Layin’ trouble masquerade a ponder we a soup-up a gamier shoe heir Adele guy in square tone “lay, double add-in trough.”

might become

Lay in trouble. Masquerade? Oh, ponder we a sou, poop. A gamier shoe heir, Adele, guy in square tone, lay double odd in trough.


This one stayed close to source sounds, so that

Tú para mi

became

Too paw raw me

but wanted perhaps again bolder rearticulations, so that for instance

A kay in may pray sent oh con me, sir

might have been remastered as

Okay. In May, pray send, oh con me, sir.

Or half a dozen other possibles. The thing is just to make it wholly your own.


This student hit on a tellingly brutal translation of love, one face of it, from

amo

to

Awe mow

and a bit more articulation would have drawn all the potential in it out. From the source text,

Te amo mujer
amo tu historia,
amo tu vida,
y amo tu paz

she got to

Tea ah mow moo hair
Awe mow to history ah
Awe mow to feed duh
He awe mow to pass,

And it strikes me that the insight in amo —> awe mow is not quite fully realized here. With a few tweaks you might get to

Day awe mow moo hair.
Awe mow to history. Awe,
awe mow to feed. Awe,
he awe mow to pass.

One of course of just a dozen ways it could go, a dozen dozen. (The change from “tea” to “day” seems slight to me, by the by, cuz it’s from unvoiced to voiced of the same mouth shape.)


The image by the way is a text I’ve yet to explore, I, purples, spat blood, laugh of beautiful lips by Aaron Cassidy, who describes it as a product of Rimbaud’s “Voyelles,” Bök’s Eunioia, and a tangle of semantic and homophonic derivations of those. Look forward to getting to know it better.

purples
Click on me for some mathematical sublime

Okay a few more. This student from

Si la vida es amor, bendita sea!

got

Seal feed a, is armor. Bend it as me.

And from

Donde la mano

got

Don day, lamb an oh!


This one played fast and loose with phonemes but was also willing to compost words and impose word bounds the source author n’er had thought of, so that

Cordoba
Lejana y sola

becomes

Kurt, oh baa.
Leia, Han, huh? Pee Cola.

– laying the complicity between Lucas Studios and Coca Cola Corp. bare for once & all. Later the poet turns luna to tuna, fudging grapheme more than phoneme, but okay, hells, y not.

Here too though a bit more articulation? Exercise, where’s a good spot to put a period in this line? I can see at least four. Five if you strike an ‘l’ from “Llama.”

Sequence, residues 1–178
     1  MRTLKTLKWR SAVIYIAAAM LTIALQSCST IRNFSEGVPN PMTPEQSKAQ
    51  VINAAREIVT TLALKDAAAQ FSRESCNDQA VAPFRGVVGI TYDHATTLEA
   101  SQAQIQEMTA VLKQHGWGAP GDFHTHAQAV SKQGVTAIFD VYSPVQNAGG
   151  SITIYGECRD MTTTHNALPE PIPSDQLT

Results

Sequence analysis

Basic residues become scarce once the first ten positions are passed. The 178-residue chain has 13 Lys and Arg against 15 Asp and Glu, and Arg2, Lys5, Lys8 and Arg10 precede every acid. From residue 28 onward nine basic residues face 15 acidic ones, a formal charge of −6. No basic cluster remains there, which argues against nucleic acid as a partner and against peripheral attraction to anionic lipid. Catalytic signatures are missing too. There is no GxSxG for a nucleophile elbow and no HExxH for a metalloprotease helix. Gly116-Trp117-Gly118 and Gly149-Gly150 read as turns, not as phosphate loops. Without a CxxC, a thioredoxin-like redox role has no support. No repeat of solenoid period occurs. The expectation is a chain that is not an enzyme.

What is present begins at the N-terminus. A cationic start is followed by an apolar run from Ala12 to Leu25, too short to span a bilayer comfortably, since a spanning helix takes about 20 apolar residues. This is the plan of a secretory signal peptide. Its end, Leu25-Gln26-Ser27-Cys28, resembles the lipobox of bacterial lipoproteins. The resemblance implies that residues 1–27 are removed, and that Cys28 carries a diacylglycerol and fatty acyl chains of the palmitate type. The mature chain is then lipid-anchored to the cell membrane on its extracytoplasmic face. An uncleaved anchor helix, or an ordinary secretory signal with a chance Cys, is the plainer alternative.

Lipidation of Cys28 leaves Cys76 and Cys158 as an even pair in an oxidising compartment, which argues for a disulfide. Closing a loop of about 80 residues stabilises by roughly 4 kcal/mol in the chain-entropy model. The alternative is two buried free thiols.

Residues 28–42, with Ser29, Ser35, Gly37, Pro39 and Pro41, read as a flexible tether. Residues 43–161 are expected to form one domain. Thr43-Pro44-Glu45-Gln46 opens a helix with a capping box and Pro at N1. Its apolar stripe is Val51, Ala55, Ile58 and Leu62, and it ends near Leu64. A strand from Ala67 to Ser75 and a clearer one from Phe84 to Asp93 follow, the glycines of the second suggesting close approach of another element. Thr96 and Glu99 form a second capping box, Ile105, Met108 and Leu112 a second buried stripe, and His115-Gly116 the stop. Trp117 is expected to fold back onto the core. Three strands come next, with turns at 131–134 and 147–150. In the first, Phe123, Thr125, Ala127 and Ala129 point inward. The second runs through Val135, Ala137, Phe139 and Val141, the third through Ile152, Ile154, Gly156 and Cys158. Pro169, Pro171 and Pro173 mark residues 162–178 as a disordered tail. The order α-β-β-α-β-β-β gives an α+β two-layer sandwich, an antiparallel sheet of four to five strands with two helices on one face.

Llama ate a neigh is tough mirror and dough.


This student took on no less than the Universal Declaration of Human Rights, which en francais reads, article 26.3,

Les parents on, par priorité, le droit de choisir le genre d’éducation à donne à leurs enfants.

And perhaps as a comment on how much good it’s done, it becomes in translation, and I’ve articulated it just a little more,

Less parents on, pair parrots, Lee. Do it day chaser, Lee. Genre? Day education at diner allures infants.


Homophonic translation tends to draw out the unconscious of language, its polymorphic perversity, if you’ll let it. “Perversity” in a not bad sense, just etymologically, as in turnings off the straight and narrow path. This one makes bold to find such gists in an ordinary Spanish-language newspaper article –

Yo, no karaoke Margarita! Clod, dickhole! These interest, dear, scatter my pain. Yo, karaoke Lo Mein tie, never! OH! Penis? Okay. Meaty? Okay, sir. Arrow lad, a cone, laps are a toy. Lace: track her. EEK! You an asset, ran, sit. Oh? See affect area.

That seems to be about, whatever else also, its own activity, the queering of language this exercise seems ineluctably to go to.


This last one departs far from the sounds of its source text, and also comes to compelling lines in English, and I can only make out traces of Spanish, but have some feeling that the author has fell into Zukofsky’s own practice, of mingling homophonic and semantic translation at will. I’ll just give ya the first line –

Cuerpo de mujer, blancas colinas, muslos blancos

Aquarius day, new hair, blanket colonies – new blankets,

– and the last –

como una flecha en mi arco, como una piedra en mi honda.

Come oh one a fellatio in me on top.

And that there’s the unconscious of language, right there, remembering for us we’re in bodies, prideful, all.

On total translation